Normally, I am against music downloading services that don’t allow you to easily transfer music from one device to another — hello Napster 2.0! — because if I paid for it, I want to own it. However, there is a service called Ruckus, which is targeting college campuses with what I think is a win-win concept. After a school signs up for this service, students can download a player and access a library of songs for free. The only catch is that the songs aren’t portable. You can’t copy them to your iPod or burn them to a CD. Normally, that’s a sticking point for me, but not this time, and here are a couple of reasons why:
First of all, the songs are free and legal, meaning that students can experiment and discover new artists and songs without financial and legal risk.
Secondly, if a student wants to pay for a song to which they have full copy & burn right, they have that option, right there from Ruckus. Clearly, the thinking is that the easy access to experimentation can and will easily transmogrify into fully portable and paid-for downloads in the future. Especially after the students discover the music that will affect them for the rest of their lives. As someone who has been hunting new music all of his life and is more than willing to pay for the things that I’ve come to love, this makes complete and utter sense.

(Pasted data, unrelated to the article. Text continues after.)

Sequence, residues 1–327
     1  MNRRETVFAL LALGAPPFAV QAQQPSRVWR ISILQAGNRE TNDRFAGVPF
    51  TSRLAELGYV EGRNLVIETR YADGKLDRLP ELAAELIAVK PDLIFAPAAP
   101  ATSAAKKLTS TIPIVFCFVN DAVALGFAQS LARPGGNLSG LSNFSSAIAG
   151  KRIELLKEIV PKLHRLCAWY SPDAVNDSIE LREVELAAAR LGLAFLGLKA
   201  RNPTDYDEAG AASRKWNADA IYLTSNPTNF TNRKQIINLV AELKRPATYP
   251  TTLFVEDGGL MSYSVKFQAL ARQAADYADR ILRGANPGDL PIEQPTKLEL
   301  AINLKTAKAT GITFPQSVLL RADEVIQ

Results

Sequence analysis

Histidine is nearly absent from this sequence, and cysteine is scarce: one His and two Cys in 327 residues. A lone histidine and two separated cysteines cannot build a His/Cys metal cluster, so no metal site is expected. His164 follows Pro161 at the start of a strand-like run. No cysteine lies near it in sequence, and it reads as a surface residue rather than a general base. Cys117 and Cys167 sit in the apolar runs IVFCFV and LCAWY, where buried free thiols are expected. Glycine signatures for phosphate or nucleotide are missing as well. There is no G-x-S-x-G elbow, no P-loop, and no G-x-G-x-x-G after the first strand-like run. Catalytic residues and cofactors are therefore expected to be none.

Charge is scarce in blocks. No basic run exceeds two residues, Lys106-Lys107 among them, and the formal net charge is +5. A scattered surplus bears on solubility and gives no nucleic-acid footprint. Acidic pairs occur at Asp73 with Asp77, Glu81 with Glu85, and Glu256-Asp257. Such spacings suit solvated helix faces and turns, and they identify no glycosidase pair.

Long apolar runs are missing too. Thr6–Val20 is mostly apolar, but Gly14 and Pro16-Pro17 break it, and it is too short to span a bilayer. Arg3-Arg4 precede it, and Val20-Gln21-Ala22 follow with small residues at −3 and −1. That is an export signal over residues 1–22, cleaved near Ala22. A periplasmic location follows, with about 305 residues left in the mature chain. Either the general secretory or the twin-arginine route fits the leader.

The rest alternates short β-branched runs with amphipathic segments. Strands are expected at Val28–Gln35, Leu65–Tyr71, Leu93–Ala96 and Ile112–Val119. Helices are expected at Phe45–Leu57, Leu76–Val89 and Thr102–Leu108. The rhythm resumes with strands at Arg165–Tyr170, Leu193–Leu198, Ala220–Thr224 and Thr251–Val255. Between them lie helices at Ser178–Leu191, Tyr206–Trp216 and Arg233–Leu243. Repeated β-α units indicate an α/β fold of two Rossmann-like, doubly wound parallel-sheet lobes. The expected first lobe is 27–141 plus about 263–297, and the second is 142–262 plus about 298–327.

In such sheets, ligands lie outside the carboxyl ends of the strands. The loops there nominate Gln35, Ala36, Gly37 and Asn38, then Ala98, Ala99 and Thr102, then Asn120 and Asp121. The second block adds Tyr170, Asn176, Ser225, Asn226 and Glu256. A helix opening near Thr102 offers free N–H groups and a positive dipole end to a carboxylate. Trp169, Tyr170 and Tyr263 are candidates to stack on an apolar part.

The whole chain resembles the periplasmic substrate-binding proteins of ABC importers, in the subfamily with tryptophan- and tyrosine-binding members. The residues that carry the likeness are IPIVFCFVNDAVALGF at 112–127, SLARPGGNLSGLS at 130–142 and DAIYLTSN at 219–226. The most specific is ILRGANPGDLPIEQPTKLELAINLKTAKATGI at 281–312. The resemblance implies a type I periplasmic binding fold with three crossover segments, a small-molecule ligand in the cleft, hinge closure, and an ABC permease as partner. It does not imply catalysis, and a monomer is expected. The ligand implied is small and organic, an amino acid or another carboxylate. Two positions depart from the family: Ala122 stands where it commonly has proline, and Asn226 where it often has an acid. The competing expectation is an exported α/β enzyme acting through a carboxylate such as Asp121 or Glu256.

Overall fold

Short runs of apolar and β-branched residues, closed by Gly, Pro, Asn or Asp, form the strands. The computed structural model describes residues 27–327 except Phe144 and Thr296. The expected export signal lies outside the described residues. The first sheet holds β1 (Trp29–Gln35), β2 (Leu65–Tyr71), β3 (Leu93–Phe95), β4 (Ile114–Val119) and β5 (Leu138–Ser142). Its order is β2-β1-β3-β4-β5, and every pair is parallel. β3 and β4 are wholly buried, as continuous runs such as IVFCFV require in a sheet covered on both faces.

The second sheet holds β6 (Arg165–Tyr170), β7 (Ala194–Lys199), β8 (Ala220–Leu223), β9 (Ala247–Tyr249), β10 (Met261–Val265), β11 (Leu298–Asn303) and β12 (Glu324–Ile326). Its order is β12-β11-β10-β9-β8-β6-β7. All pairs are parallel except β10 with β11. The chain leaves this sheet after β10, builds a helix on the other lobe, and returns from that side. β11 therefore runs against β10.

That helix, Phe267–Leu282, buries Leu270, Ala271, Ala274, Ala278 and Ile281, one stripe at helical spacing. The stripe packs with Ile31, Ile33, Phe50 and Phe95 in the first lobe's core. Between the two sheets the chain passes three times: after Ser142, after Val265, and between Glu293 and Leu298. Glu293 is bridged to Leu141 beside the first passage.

Not so fast. This is similar to something that Napster is already doing. A while back Napster made deals with a bunch of campuses essentially offering free downloads. The universities actually paid for the service (it may have been a part of a larger file sharing settlement).
These are Windows DRM’s songs – which is why they won’t play on the iPod. Or a Mac for that matter. Lots of Macs on college campuses.
I’ll say it again, this is all about the battle for DRM dominance. They’re trying to get college kids hooked on Windows DRM (and the Windows OS as well).
Needless to say, I’m against it.
My school, UMass, just recently signed a contract with Ruckus providing this very service. I’ve been checking it out, and they seem to have a pretty good selection. For me, however, this will never be more than a tool for finding new music. I’m never going to purchase anything from them. When I find something I really like, I’ll find other sources to purchase it…be it the itunes store or retail outlets.